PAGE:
Paul Kliber Monod has written an ambitious and very welcome book, which seeks to investigate the relationship between Christianity and kingship across the whole of Christian Europe in the 'long' seventeenth century from 1589 to 1715. This is certa inly a brave enterprise, calling as it does for a working knowledge of several languages and the strikingly diverse histories of many countries.
Academics and the general public alike have an understandable fascination regarding the Spanish Armada. The naval confrontation in the Channel in 1588 and the subsequent disastrous Spanish circumnavigation of the storm-lashed British coastline, helped shape world history from the end of the sixteenth century to the beginning of the twentieth.
The seventeenth-century Verneys of Claydon House, Buckinghamshire are probably the best documented of all Stuart gentry families, their archives frequently exploited by historians. Their letters enliven general narratives from S.R.
Peter Russell's Henry 'the Navigator' is one of those rare books which has had classic, or rather legendary, status even before it was published.
In the middle of the period covered by this book, one of the most resonant accounts of urban life ever written was composed by the poet Dante. For all its startling vividness, however, Dante's evocation of the city in the Divine Comedy is not easy to interpret.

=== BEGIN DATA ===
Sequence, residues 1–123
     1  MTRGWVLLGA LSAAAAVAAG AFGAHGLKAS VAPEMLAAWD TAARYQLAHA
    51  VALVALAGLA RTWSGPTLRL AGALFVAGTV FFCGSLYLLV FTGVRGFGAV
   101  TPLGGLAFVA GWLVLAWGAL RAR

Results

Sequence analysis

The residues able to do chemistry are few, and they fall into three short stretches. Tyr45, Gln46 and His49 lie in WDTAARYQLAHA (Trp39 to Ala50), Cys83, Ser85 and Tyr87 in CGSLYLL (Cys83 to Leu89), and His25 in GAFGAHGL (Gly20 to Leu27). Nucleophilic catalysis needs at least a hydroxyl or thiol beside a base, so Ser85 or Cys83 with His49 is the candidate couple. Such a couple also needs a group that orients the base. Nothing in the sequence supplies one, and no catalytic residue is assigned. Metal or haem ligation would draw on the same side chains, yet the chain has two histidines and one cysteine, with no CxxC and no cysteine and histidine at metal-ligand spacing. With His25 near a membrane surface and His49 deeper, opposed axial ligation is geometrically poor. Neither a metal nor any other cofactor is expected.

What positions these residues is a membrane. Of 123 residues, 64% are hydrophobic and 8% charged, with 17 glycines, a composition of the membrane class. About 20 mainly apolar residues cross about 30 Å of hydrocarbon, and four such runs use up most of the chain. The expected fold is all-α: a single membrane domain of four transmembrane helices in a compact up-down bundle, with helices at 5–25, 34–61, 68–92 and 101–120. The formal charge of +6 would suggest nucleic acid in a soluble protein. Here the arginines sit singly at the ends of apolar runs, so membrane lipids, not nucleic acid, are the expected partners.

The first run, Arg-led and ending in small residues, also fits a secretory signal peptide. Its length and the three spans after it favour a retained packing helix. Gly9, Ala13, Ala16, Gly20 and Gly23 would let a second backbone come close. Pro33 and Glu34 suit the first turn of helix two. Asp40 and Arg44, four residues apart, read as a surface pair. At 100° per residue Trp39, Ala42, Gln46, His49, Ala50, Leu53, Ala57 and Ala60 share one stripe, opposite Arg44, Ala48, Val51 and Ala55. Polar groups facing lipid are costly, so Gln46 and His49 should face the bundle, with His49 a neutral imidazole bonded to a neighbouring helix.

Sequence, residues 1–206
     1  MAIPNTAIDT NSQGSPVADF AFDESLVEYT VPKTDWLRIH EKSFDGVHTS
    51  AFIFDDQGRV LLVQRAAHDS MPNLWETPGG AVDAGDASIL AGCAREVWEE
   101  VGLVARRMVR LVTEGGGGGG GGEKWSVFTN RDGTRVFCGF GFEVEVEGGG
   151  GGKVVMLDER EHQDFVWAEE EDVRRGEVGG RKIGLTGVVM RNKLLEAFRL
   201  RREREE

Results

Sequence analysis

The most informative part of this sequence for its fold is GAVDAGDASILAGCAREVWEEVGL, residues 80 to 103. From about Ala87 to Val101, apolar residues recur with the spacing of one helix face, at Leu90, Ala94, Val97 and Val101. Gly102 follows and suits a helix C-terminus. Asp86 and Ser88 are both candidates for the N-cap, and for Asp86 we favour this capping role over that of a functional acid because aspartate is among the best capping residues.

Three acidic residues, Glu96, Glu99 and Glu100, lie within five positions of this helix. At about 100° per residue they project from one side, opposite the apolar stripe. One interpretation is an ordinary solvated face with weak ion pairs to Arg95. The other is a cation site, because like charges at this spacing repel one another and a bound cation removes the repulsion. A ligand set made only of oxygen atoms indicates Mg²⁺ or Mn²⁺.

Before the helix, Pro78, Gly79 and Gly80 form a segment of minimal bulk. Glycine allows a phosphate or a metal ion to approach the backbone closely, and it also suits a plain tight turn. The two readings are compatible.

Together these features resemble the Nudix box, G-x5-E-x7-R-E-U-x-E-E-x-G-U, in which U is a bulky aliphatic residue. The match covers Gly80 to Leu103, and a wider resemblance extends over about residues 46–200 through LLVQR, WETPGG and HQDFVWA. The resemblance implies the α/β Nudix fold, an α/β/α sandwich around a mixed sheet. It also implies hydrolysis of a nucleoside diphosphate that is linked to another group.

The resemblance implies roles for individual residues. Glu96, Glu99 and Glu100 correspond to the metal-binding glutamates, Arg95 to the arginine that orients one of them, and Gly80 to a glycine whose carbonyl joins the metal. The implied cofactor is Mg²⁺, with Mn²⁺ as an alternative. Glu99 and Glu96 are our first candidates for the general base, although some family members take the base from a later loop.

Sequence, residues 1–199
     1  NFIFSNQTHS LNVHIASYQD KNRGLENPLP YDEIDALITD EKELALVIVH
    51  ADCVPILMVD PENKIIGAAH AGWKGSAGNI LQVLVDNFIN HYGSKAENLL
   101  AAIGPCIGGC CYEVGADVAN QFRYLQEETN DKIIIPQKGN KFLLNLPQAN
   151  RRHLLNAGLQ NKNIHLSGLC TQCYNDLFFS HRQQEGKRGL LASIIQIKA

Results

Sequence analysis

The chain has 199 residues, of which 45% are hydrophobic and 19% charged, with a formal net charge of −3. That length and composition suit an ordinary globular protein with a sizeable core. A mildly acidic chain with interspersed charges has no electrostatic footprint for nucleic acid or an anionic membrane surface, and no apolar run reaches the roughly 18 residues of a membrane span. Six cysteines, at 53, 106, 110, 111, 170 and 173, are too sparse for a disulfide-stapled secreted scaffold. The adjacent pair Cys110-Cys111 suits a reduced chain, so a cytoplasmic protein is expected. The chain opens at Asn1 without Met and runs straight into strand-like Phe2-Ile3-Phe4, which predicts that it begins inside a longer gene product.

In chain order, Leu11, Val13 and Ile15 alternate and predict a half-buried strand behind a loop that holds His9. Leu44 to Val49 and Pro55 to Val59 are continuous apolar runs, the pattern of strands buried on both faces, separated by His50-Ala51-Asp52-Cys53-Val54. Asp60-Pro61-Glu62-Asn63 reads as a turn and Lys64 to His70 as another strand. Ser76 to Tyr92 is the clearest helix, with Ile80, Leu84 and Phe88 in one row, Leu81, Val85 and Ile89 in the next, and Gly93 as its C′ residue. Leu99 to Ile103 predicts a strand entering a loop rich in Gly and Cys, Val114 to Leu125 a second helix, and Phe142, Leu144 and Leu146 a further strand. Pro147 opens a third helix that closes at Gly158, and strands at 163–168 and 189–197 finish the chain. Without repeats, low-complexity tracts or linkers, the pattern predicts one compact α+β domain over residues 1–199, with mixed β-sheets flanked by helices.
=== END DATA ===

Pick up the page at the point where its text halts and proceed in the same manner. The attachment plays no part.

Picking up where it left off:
The history of public health has been a flourishing field in the last three decades. Yet despite a spate of excellent monographs about various epidemic diseases and many good collections about health and disease in Africa, Asia, The Middle East, Latin America, as well as Europe and North America, the most recent textbook on the history of public health is four decades old.
First published in 1961, Holt's Modern History of the Sudan deservedly established itself as the standard introduction to the subject. Holt revised the work in 1963; since 1979 he has collaborated with Martin Daly on further - slightly retitled - editions, of which this is the most recent.
Many writers attribute Ireland's problems to colonialism. Most, however, make only limited reference to literature on colonialism elsewhere, and debate is hampered by the intimacy of the Irish academic and intellectual scene, which means criticism is muffled by tact or excessively personalised.
Jonathan Scott's major reinterpretation of the seventeenth century, the most turbulent period in English political history, is timely. It coincides with the ongoing debate over Britain's place in Europe, the current experiment in devolution and the recent discussion of the monarchy's relevance.
Sweden, Prussia, and Russia. Three great powers were forged in the fire of the Northern Wars. The military monarchies fed on weaker neighbours where such existed. In the sixteenth century, Poland-Lithuania, Brandenburg and Sweden carved up the small Baltic empire left by the crusading knights of the Teutonic Order.